Team Roping - KFBB.com News, Sports and Weather

Team Roping

Team roping, the only true team event in ProRodeo, requires close cooperation and timing between two highly skilled ropers - a header and a heeler - and their horses. The event originated on ranches when cowboys needed to treat or brand large steers and the task proved too difficult for one man.

The key to success? Hard work and endless practice. Team roping partners must perfect their timing, both as a team and with their respective horses.

Similar to tie-down ropers and steer wrestlers, team ropers start from the boxes on each side of the chute from which the steer enters the arena. The steer gets a head start determined by the length of the arena.

Team ropers such as Joe Beaver and Travis Tryan spend long hours perfecting their timing with each other and their horses. One end of a breakaway barrier is attached to the steer and stretched across the open end of the header's box. When the steer reaches his advantage point, the barrier is released, and the header takes off in pursuit, with the heeler trailing slightly further behind. The ropers are assessed a 10-second penalty if the header breaks the barrier before the steer completes his head start. Some rodeos use heeler barriers too.

The header ropes first and must make one of three legal catches on the steer — around both horns, around one horn and the head or around the neck. Any other catch by the header is considered illegal and the team is disqualified. After the header makes his catch, he turns the steer to the left and exposes the steer's hind legs to the heeler. The heeler then attempts to rope both hind legs. If he catches only one foot, the team is assessed a five-second penalty. After the cowboys catch the steer, the clock is stopped when there is no slack in their ropes and their horses face one another.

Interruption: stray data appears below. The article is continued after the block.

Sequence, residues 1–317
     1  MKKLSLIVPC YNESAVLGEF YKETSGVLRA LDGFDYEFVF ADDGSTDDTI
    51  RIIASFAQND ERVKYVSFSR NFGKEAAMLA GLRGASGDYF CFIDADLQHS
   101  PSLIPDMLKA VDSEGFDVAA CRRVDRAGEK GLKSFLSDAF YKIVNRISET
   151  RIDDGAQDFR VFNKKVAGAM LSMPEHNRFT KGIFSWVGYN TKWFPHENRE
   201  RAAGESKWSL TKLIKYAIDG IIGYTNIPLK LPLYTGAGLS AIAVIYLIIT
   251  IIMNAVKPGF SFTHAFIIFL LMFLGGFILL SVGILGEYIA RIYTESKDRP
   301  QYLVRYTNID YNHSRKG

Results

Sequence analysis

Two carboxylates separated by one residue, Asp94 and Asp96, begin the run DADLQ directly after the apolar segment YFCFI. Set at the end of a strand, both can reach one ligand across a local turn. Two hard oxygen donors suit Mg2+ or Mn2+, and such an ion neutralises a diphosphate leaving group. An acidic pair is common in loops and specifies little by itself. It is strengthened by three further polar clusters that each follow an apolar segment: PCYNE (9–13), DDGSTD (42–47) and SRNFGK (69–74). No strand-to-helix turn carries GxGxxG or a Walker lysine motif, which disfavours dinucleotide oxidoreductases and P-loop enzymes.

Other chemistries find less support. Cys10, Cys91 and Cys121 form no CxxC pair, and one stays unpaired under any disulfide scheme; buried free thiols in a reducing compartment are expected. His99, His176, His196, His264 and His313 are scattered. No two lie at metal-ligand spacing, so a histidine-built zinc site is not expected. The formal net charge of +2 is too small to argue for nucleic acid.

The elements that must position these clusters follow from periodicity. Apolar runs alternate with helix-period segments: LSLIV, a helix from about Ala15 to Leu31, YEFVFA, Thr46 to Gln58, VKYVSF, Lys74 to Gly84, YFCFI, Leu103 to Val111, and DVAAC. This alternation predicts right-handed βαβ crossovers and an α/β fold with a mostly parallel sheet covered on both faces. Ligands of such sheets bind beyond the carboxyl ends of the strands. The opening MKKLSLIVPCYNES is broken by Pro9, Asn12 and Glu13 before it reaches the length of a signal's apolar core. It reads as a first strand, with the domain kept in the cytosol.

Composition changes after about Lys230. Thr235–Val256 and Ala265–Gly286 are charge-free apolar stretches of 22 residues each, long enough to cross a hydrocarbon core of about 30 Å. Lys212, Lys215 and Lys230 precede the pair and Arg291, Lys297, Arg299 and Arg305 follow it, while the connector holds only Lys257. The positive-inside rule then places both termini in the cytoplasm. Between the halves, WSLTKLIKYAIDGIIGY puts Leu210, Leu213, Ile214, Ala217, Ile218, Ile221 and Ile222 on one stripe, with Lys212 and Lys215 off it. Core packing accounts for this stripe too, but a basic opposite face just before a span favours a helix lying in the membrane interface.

Another important aspect to the event is the type of horses used by the ropers. The American quarter horse is the most popular among all timed-event competitors, particularly team ropers. Heading horses generally are taller and heavier because they need the power to turn the steer after it is roped. Heeling horses are quick and agile, enabling them to better follow the steer and react to it moves.

*Courtesy of the PRCA Pro Rodeo Website

RODEO WESTERN WEEK 2014 SCHEDULE OF EVENTS

Thursday January 10th

12-2pm Miss Rodeo Montana Horsemanship, Fours Seasons Arena, Fairgrounds, Free

5-8pm Great Falls Chamber Pro Rodeo Mixer, Heritage Inn Plus, Convention Center Free

7pm Cowboy Auction, Heritage Inn Plus, Convention Center, Free

Friday January 11th

11am-1pm Miss Rodeo Montana Speech Luncheon, Holiday Inn

Noon-2pm Contestant Check-In, Heritage Inn Plus, Convention Center

2-3pm Contestant Check-In, Heritage Inn Plus, Convention Center

3-6pm Rodeo Committeeman's Meeting, Heritage Inn Plus, American Room

7pm MPRF Rodeo Performance, Montana ExpoPark, Great Falls

Saturday January 12th

10:30am MPRF Ranch Rodeo Four Seasons Arena, $10 at the door

Noon - 1:30pm Miss Rodeo Montana Coronation and Luncheon, Hampton Inn

1:30-3pm Kiddie Rodeo by Miss Rodeo Montana, Heritage Inn Plus, Free

2:30 - 3:30pm Cowboy Auction, Heritage Inn, Free

7pm MPRF Rodeo Performance, Montana ExpoPark, Great Falls

Sunday January 13th

9:30-11:30 Miss Rodeo Montana Coronation, Hampton Inn

10-11am Church Service, Heritage Inn Plus, Britain Room

2pm Tough Enough to Wear Pink MPRF Rodeo Performance, Montana ExpoPark, Great Falls

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